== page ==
Book Reviews

JEFFREY: First Chaplain of the Confederacy (2020)

Posted 3/31/2021 Reviewed By Caleb W. Southern

First Chaplain of the Confederacy: Father Darius Hubert, S. J. by Katherine Bentley Jeffrey. Louisiana State University Press, 2020. Cloth, ISBN: 978-0-8071-7337-4. $45.00.


Darius Hubert, a French-born, Louisiana-based Catholic Jesuit, was the “first person appointed as chaplain to any Confederate military unit.” He was attached to the First Louisiana Infantry Regiment in the Army of Northern Virginia throughout the duration of the Civil War (40). Katherine Bentley Jeffrey, an independent scholar, has meticulously resurrected Hubert’s life from historical obscurity. Jeffrey was faced with a “paucity of primary material, especially war correspondence or papers related to his lengthy pastoral tenure in New Orleans” (xiii). Yet despite these difficulties, Jeffrey succeeds admirably in telling Father Hubert’s story.

Darius Hubert was born in Toulon, France, in 1823. He entered the Toulouse Jesuit novitiate in September 1843 and volunteered for the North American mission in 1848 (6-11). He arrived in Grand Coteau, Louisiana, where he first encountered African enslavement. He did not record his thoughts on the subject, but his involvement with the Confederate cause during the Civil War “would seem to suggest a largely benign and paternalistic view of slavery” (14).

Jeffrey’s biography addresses the local politics and religious landscape of nineteenth-century New Orleans. The work of Hubert brings into focus the immense power of local events and politics in the lives of common Americans during the period. His work with the First Louisiana Infantry Regiment in the Army of Northern Virginia was remembered in highly laudatory terms. The wartime ministry of Father Hubert was characterized by bravery and care for the ill and dying. The Catholic priest, “could not easily be pried away from his men, whatever their creed...nor would he leave them once the guns finally quieted in the spring of 1865” (69). After the war, as he was aging and becoming ill, he offered to resign his position, but “the veterans refused him gently but firmly and continued to list him on all programs until his death as ‘Chaplain to the Army of Northern Virginia’” (137).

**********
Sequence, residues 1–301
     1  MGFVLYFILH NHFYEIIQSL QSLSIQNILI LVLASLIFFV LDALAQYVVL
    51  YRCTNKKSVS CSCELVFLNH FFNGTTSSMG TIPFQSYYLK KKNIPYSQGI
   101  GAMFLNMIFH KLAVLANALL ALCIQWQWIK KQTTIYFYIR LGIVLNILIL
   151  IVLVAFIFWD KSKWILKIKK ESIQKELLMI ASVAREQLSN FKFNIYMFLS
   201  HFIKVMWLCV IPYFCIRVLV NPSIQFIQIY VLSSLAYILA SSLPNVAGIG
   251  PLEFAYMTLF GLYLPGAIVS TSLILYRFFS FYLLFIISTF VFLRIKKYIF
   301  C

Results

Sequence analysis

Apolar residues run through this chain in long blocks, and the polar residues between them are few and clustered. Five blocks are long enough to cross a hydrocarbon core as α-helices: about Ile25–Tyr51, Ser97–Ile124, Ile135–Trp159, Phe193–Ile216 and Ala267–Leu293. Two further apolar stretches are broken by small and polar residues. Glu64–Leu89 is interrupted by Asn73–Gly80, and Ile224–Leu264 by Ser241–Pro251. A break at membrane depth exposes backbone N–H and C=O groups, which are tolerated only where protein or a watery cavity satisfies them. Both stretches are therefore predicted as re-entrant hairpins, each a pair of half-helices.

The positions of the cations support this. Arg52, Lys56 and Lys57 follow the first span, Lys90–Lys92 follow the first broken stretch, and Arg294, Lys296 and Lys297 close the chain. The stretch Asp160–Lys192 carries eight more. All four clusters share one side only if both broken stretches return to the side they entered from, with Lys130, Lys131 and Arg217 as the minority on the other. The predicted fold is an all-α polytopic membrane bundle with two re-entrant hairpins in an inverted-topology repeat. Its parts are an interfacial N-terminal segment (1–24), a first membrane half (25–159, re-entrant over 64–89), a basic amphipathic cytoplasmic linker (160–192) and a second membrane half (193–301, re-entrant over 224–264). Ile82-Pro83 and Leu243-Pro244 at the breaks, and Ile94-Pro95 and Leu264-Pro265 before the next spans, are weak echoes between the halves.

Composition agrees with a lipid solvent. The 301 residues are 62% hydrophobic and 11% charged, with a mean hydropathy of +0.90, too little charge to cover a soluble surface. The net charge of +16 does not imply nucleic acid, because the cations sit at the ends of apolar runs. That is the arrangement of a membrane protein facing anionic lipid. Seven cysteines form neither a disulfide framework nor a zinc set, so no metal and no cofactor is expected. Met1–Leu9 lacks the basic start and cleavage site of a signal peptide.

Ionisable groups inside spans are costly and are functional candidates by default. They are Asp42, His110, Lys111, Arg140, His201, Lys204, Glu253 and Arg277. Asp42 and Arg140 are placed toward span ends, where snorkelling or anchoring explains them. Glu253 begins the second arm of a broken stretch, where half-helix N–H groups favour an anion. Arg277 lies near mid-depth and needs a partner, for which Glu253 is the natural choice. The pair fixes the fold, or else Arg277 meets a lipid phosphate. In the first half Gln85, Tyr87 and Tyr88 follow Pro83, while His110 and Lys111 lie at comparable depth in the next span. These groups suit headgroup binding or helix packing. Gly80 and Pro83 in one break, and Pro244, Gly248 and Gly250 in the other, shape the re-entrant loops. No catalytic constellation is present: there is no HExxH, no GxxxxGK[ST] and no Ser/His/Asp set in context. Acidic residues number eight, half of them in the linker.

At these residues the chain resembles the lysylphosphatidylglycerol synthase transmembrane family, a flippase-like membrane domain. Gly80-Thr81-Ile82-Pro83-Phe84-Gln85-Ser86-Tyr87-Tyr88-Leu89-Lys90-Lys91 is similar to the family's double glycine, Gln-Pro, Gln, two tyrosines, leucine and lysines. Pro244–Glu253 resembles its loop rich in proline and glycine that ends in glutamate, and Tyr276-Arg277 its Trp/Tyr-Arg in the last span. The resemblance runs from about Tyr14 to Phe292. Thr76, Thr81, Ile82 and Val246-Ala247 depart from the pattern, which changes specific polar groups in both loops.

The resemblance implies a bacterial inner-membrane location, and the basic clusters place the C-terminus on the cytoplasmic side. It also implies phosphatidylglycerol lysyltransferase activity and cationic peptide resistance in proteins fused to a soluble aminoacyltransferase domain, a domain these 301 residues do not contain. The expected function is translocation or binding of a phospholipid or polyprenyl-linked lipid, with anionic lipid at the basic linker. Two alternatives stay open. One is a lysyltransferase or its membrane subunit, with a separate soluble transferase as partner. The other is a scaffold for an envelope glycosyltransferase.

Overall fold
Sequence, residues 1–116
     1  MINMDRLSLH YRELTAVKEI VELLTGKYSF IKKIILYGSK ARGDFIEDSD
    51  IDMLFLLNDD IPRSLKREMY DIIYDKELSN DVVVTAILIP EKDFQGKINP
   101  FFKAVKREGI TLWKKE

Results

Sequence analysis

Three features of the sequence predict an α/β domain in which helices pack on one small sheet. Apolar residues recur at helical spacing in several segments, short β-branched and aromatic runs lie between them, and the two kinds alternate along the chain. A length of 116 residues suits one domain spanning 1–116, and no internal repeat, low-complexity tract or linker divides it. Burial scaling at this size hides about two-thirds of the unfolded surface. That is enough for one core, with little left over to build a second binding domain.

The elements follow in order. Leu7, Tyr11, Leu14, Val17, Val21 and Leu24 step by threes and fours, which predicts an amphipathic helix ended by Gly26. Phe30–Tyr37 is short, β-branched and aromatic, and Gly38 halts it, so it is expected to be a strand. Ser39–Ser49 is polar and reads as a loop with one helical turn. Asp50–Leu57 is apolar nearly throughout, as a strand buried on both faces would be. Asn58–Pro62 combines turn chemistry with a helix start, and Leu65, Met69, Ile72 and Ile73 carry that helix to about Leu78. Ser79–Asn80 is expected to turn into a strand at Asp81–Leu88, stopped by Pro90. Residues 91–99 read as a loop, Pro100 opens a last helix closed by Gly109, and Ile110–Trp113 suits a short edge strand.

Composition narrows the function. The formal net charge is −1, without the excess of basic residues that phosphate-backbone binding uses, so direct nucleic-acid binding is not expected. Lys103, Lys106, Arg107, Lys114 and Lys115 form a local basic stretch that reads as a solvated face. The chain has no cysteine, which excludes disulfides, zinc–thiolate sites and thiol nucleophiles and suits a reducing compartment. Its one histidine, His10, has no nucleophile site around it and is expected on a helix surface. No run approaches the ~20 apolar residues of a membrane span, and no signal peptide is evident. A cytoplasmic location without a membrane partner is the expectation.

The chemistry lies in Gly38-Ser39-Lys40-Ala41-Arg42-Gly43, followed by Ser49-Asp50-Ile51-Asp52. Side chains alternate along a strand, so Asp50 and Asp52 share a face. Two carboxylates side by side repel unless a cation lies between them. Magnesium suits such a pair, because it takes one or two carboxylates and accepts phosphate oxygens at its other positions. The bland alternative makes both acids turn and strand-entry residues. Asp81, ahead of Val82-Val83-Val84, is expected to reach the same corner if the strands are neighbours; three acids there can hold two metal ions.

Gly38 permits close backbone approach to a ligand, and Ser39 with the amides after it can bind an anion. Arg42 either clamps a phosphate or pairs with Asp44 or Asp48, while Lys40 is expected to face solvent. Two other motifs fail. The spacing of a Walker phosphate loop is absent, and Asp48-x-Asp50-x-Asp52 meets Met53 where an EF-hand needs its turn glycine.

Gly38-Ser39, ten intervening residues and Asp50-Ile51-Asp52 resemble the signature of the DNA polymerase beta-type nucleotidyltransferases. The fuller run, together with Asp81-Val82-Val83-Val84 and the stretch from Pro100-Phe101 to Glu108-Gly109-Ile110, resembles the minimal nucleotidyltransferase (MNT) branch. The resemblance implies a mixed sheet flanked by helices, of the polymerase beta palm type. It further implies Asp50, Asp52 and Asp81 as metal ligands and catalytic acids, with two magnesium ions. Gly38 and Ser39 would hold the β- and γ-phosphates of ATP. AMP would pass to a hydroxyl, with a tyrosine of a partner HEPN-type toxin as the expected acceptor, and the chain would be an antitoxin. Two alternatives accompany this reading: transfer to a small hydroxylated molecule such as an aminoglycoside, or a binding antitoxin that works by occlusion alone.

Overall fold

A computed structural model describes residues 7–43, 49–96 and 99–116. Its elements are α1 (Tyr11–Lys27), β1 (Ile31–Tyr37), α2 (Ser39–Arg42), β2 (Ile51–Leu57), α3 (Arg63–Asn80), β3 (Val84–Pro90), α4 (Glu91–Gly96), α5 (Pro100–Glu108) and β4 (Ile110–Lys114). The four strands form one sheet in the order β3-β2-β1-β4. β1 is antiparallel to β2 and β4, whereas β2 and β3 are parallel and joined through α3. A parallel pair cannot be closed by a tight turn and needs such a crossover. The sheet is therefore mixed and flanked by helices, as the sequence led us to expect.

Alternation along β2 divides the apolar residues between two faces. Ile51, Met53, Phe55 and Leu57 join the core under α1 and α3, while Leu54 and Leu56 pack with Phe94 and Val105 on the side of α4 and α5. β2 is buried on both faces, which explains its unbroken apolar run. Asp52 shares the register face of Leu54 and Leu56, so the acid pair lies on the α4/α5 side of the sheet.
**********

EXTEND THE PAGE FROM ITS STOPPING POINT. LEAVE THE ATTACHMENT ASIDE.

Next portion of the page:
Amidst the post-war racial violence that wracked New Orleans, Father Hubert “showed no tendency to ‘stand by’ one race over another” (110). He had instructed and catechized Black and white children, just as he had interacted with people of color throughout most of his adult ministry. Therefore, the author argues, he was able to focus on the “obligations of practical charity, and spiritual rather than political reconstruction” (111).

Still, in New Orleans, Father Hubert appears to have been one of the “spiritual” fathers of the Lost Cause. Jeffrey calls him “intercessor-in-chief,” as Hubert was invited to pray at various political and remembrance events (125). His prayers were “repeated for decades afterward” (124). Though he christened many Lost Cause statues and memorials, there were none erected in honor of Father Hubert. “Failure to bring the old priest home or to establish a tangible memorial to him in New Orleans hastened the time in which his name and legacy would fade from public memory” (145).

With this new biography, Jeffrey hopes her subject “has a modest monument at last” (xix). Though much of Hubert’s life is obscured by “holes” in the preserved, historical record, Jeffrey’s biography reminds us of the nuanced role Catholics played in the Confederate and Reconstruction South.


Caleb W. Southern is an MA candidate in the Department of History at Sam Houston State University.

 

 

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